Yule Log The Yule log came from Scandinavian mythology. The winter months were long and hard, so a huge tree was found, cut down, hauled into the house, and lit afire in honor of Thor, the Viking god of war. It was believed that Thor would bless them with prosperity during the following year in reward for this ceremony held during Yule, which is the Anglo-Saxon word for the months of December and January. The Anglo-Saxons called December “the former Yule” and January “the after Yule.” When most of the Scandinavians converted to Christianity, the burning of the Yule log became a part of the Christmas celebration, and the word Yule became synonymous with Christmas. The burning of the Yule log is still practiced today, though it is more prominent in European celebrations and has lost its Scandinavian meaning except with the handful of neopagans who seek to revive the old ways.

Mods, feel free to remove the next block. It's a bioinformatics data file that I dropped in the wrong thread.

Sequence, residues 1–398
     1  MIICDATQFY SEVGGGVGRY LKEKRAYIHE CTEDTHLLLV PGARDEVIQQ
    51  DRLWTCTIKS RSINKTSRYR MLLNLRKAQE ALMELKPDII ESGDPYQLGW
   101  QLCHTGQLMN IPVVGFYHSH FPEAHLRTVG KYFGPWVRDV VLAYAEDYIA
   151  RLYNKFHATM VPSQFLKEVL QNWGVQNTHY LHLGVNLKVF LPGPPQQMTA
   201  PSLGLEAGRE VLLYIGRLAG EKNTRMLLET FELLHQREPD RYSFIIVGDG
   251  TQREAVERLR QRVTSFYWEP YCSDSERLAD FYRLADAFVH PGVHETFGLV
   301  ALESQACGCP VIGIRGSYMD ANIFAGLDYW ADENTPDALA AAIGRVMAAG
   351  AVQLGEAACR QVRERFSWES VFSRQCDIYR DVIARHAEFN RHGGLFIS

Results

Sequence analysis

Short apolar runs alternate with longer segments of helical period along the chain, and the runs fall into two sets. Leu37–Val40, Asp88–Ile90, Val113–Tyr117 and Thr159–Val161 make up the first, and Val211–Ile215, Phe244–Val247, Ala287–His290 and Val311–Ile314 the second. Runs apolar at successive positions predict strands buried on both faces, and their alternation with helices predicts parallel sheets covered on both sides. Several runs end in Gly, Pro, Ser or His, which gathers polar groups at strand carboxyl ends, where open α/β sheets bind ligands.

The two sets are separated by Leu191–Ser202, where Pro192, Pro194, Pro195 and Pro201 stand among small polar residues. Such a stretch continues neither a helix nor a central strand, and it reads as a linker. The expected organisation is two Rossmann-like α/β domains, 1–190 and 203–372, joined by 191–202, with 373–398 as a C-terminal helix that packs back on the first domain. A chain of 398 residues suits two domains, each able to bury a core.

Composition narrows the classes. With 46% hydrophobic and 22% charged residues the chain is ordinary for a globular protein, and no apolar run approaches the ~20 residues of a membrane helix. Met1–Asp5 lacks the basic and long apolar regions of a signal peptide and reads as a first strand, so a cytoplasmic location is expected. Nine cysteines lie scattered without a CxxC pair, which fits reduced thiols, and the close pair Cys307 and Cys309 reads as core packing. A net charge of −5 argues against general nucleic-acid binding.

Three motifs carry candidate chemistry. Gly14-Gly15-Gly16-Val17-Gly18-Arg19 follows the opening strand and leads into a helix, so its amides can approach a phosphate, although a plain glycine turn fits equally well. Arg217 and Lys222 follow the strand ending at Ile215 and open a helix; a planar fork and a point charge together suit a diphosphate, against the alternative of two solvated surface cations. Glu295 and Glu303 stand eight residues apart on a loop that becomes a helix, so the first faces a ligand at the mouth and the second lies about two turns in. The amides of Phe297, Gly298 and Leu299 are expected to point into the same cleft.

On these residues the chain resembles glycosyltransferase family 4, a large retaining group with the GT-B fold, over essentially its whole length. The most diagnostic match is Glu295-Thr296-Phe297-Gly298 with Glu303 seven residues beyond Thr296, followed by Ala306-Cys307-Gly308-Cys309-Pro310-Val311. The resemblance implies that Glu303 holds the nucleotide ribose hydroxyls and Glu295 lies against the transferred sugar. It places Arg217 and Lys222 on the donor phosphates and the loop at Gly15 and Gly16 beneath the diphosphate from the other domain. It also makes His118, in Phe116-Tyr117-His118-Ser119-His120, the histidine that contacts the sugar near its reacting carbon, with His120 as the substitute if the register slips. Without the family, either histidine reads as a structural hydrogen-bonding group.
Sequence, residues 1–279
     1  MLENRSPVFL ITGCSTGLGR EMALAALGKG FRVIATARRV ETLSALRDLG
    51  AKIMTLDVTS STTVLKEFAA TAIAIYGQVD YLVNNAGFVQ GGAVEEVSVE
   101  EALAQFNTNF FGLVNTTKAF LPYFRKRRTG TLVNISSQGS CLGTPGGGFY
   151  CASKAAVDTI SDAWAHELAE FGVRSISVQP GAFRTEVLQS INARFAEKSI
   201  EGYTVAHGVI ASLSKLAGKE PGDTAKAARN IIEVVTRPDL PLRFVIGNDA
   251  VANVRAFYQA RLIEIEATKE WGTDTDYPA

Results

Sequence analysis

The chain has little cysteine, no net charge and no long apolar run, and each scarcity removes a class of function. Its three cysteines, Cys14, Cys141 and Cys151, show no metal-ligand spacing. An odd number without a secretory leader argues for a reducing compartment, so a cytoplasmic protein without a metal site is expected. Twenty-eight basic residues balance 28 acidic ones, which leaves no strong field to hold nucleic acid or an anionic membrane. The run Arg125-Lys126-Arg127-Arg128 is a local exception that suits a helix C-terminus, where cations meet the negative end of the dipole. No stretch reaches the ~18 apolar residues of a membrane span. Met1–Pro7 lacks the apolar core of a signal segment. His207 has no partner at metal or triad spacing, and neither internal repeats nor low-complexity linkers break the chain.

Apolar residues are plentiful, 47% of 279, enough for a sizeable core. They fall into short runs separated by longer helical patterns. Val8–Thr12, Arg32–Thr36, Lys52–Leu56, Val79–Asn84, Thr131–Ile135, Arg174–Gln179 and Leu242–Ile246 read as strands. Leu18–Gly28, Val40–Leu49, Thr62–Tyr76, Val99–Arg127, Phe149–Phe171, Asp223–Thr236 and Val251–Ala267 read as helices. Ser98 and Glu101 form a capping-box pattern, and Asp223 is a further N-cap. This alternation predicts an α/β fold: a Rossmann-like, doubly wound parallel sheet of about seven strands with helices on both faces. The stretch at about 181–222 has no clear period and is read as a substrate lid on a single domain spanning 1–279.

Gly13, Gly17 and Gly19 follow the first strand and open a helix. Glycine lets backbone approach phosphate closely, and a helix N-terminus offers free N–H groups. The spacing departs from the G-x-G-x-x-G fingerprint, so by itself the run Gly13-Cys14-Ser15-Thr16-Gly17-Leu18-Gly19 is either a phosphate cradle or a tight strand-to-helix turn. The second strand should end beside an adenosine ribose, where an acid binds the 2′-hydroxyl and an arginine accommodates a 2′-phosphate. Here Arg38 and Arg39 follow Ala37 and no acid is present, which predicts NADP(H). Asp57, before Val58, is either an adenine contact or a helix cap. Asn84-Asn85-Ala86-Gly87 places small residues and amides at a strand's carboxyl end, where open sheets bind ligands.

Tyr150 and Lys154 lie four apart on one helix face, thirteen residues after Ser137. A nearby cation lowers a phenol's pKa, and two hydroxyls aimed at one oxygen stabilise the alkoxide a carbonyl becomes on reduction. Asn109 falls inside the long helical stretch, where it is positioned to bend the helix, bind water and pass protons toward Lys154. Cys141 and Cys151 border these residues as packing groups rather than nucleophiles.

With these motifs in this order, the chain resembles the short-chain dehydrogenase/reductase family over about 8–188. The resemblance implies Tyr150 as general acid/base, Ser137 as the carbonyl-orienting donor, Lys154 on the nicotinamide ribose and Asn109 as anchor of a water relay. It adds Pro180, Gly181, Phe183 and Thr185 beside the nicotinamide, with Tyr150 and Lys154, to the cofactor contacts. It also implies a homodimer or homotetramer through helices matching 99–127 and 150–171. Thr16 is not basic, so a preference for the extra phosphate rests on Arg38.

(from mrrena.com

Mistletoe Mistletoe was sacred to the ancient druids and a symbol of eternal life the same way as the Christmas tree. The Romans valued it as a symbol of peace and this lead eventually to its acceptance among Christmas props. Kissing under the mistletoe was a Roman custom, too.

More interesting links:
snopes.com/holidays/christmas/yulelog.asp
culture.gouv.fr/culture/noel/angl/buche.htm
noelnoelnoel.com/trad/yulelog.html



FelÝz Navidad
howstuffworks.com/christmas.htm
Claus.com
Christmas Page 2
HAPPY NEW YEAR !

The 3 stages of man: He believes in Santa Claus. He doesn't believe in Santa Claus.
He is Santa Claus!




Comment or Share Your Own Nursery Rhymes


Print This Page!